by Kazeem Olalekan MRPharmS
In August 2009 we reported a potential interaction between Proton pump inhibitors (PPI) and Clopidogrel. Subsequent to that report, Lancet concluded that PPI does not interfere with the clinical benefits of clopidogrel. The case frustrated me because in one week I was asking my GPs to review prescribing and in the other week, the evidence indicated this was unnecessary. The lesson from that saga is that the regulatory bodies need to be doubly clear about the totality of evidence before making recommendation.
The current advice from the CHMP (EU Committee for Medicinal Products for Human Use) is:
That said, there are a number of emerging issues with PPIs which were highlighted by the MHRA recently:
Report of hypomagnesaemia with PPI in long-term use
Prolonged use of proton pump inhibitors (PPIs) has been associated with hypomagnesaemia. Healthcare professionals should consider measuring magnesium levels before starting PPI treatment and repeat measurements periodically during prolonged treatment, especially in those who will take a PPI concomitantly with digoxin or drugs that may cause hypomagnesaemia (eg, diuretics).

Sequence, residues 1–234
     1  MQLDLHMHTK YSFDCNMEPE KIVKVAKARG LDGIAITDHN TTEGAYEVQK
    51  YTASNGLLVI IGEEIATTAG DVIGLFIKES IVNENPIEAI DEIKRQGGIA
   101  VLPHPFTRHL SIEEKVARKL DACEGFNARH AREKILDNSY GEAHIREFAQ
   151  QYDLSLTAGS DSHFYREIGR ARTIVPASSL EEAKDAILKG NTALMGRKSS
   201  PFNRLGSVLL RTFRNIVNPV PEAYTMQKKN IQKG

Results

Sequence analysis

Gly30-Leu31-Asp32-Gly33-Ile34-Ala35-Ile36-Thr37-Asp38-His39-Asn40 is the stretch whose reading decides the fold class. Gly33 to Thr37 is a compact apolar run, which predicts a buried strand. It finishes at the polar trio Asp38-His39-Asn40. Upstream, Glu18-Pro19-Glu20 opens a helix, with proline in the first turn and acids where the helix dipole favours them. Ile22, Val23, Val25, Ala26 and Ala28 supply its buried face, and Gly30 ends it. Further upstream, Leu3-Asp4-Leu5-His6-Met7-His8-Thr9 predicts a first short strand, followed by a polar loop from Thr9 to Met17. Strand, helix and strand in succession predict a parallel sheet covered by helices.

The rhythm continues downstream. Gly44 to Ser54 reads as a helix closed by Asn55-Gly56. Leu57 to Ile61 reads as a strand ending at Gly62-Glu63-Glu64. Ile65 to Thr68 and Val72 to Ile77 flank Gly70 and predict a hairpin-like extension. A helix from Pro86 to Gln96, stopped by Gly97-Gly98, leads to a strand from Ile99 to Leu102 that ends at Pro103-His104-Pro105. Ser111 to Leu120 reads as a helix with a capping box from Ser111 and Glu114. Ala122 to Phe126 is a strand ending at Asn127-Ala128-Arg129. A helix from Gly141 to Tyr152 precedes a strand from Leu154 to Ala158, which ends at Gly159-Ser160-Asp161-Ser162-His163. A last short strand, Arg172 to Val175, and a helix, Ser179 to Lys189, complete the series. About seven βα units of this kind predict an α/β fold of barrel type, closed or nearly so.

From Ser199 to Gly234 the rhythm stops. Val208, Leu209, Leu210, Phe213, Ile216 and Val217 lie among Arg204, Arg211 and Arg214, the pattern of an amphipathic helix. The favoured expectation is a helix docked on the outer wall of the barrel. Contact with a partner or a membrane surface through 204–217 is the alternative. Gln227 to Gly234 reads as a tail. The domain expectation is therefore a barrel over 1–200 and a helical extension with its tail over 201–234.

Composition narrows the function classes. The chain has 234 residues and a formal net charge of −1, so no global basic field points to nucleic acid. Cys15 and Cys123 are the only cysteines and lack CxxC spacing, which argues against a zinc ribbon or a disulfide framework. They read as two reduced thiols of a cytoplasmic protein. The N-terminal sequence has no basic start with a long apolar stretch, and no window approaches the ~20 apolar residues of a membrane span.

Increased risk of bone fracture with PPI in long-term use – An epidemiological evidence
There is recent epidemiological evidence of an increased risk of fracture with long-term use of PPIs. Patients at risk of osteoporosis should be treated according to current clinical guidelines to ensure they have an adequate intake of vitamin D and calcium
The current issues with PPI does not require the stopping of PPI, rather it is about monitoring for magnesium and mitigating against fracture by taking vitamin D and calcium.
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